McCain’s hypocrisy is significant because as a member of the Senate Armed Services Committee (he is now the ranking minority member), he has feasted on PAC money from the defense industry. During his first term in the Senate, McCain accepted campaign cash totaling $58,200 from political action committees of corporations and prime defense contractors who were convicted of defrauding the Pentagon on weapons contracts, or have been accused of cheating the American taxpayer.

Consider the following examples from early in McCain’s Senate tenure:

GTE Corporation: In September 1985 its Government Systems Division pleaded guilty to improperly obtaining internal Pentagon planning documents, and agreed to pay $580,000 to DoD for the costs of the investigation. Total contributions to McCain: $5,000.

Litton Industries: In July 1986, the massive shipbuilder agreed to pay $15 million in penalties and restitution to DoD. It had pleaded guilty to defrauding the Pentagon of $6.3 million in its military work at that time. Total contributions to McCain: $10,300.

Unisys Corporation: In June 1991, the firm paid a $190 million fine for a wide-ranging conspiracy to use inside information to defraud the government to bid on Pentagon contracts. Total contributions to McCain: $2,300.

United Technologies Corporation: On August 28, 1992, the company pleaded guilty to four felony counts and agreed to pay $6 million in penalties for admitting to conspiring to defraud the government by using insider information to bid on two Pentagon contracts. Total contributions to McCain: $5,600.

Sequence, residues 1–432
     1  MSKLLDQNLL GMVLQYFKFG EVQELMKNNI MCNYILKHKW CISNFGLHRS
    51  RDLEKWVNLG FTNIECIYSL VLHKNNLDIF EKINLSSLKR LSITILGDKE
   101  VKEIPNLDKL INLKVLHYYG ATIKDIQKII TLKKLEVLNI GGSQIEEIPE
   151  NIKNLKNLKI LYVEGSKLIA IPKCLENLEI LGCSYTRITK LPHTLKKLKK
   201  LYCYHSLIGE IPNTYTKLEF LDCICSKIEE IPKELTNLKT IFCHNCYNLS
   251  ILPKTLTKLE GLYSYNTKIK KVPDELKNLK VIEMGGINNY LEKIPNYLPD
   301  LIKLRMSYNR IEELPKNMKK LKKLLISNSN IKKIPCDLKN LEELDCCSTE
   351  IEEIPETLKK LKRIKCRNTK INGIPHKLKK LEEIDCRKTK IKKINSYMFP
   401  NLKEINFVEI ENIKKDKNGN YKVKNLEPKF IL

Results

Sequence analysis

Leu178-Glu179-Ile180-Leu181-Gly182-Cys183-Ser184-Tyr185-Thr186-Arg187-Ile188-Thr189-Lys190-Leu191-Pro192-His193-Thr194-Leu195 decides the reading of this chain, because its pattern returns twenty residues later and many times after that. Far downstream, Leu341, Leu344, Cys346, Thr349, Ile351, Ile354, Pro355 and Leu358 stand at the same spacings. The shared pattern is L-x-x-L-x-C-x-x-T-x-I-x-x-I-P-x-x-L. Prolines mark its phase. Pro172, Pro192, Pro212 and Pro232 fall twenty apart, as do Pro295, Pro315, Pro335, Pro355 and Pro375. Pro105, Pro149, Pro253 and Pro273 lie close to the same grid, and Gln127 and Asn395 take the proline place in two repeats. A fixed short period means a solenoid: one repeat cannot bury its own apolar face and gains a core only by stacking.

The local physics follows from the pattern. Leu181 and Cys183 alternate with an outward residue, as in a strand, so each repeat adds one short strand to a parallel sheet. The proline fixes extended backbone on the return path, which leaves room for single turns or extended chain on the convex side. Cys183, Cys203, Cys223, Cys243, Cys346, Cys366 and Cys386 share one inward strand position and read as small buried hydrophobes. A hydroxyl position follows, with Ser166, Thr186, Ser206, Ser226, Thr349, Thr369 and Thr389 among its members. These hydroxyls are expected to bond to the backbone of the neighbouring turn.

So while McCain talks tough today about the Boeing tanker deal today, he has looked the other way early in his career when the Reagan and Bush I administrations did not aggressively prosecute military contract fraud under the False Claims Act. In fact in McCain’s first Senate term, the Department of Justice succeeded in pushing Congress to consider weakening the act by prohibiting government employees from bringing cases under it. In about half of the more than 300 False Claims lawsuits filed by citizens since the law was strengthened, the government decided to take no action at all during that timeframe.

In the Pentagon/Justice Department joint undercover sting Operation Ill Wind to crack down on Pentagon fraud, the total penalties of $420 million was less than half the cost of a single B-2 stealth bomber.

Next week in Part II: McCain’s defense fraud connections from the last decade.


Link to Original:



 Hilltown View by Matt L. Barron

John McCain and Defense Fraud: Two Peas in a Pentagon Pod

Part 2